Hypertension is the most prevalent and modifiable risk factor for stroke, vascular cognitive impairment, and Alzheimer's disease. However, the mechanistic link between hypertension and neurodegenerative diseases remains to be understood. Recent evidence indicates that inflammation is a common pathophysiological trait for both hypertension and neurodegenerative diseases. Low-grade chronic inflammation at the systemic and central nervous system levels is now recognized to contribute to the physiopathology of hypertension. This review speculates that inflammation represents a mediator between hypertension and neurodegenerative diseases, either by a decrease in cerebral blood flow or a disruption of the blood-brain barrier which will, in turn, let inflammatory cells and neurotoxic molecules enter the brain parenchyma. This may impact brain functions including cognition and contribute to neurodegenerative diseases. This review will thus discuss the relationship between hypertension, systemic inflammation, cerebrovascular functions, neuroinflammation, and brain dysfunctions. The potential clinical future of immunotherapies against hypertension and associated cerebrovascular risks will also be presented.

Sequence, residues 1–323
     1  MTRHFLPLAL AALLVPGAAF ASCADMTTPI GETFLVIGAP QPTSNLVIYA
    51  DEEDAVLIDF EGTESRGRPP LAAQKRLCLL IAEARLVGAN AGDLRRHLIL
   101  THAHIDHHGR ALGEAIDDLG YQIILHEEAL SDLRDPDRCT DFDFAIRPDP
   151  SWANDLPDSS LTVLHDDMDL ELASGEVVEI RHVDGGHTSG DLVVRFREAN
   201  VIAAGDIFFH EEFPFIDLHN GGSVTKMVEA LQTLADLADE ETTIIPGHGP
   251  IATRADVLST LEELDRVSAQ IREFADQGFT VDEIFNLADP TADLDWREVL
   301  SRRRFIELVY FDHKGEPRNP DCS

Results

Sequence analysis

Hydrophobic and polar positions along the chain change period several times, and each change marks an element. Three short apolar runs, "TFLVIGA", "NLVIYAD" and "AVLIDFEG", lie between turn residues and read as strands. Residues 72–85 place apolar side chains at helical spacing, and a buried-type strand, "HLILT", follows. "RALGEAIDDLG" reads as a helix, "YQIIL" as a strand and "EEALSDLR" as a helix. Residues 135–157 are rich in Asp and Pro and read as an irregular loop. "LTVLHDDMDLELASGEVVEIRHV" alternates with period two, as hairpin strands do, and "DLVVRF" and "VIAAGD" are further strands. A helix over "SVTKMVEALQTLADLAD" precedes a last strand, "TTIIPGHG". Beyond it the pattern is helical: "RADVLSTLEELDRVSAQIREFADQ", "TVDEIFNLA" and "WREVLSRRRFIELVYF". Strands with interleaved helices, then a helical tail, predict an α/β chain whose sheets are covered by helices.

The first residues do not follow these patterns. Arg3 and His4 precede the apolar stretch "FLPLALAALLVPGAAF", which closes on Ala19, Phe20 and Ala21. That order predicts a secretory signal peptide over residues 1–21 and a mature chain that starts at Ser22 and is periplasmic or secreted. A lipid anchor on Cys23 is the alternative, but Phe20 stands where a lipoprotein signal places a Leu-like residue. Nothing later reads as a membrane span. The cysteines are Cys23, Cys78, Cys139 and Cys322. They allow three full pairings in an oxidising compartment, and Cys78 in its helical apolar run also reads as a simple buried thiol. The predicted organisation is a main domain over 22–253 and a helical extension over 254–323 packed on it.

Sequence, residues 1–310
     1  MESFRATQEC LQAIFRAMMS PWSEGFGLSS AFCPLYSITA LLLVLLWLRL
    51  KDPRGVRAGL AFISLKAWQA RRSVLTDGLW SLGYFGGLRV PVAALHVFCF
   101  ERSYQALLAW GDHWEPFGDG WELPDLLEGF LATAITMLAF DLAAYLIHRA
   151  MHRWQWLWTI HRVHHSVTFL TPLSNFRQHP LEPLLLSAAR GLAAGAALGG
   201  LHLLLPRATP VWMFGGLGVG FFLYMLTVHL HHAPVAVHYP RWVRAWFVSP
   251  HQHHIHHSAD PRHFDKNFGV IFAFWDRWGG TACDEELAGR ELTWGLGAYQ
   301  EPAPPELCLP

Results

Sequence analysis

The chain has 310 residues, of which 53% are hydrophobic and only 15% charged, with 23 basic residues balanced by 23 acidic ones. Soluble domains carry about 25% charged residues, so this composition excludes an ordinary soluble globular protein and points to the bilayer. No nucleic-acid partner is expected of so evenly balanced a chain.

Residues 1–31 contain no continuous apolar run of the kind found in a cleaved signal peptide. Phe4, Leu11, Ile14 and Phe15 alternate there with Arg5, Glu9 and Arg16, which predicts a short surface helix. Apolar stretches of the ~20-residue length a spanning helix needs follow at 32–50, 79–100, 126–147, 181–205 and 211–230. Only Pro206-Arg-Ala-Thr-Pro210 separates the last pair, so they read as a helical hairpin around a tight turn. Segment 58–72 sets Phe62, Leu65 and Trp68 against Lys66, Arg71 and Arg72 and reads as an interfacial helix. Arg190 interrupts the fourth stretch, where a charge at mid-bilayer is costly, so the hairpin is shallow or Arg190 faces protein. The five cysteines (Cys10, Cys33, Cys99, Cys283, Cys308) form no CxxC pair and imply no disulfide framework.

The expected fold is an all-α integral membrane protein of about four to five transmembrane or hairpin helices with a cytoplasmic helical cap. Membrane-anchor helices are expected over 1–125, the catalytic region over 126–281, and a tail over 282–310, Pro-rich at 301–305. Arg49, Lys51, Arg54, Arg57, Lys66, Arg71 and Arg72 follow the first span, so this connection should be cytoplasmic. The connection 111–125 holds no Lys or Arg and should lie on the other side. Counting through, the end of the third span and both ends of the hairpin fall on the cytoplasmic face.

Keywords: blood pressure; blood–brain barrier; cerebral blood flow; cerebral blood vessels; hypertension; inflammation; neurovasuclar coupling; oxidative stress.
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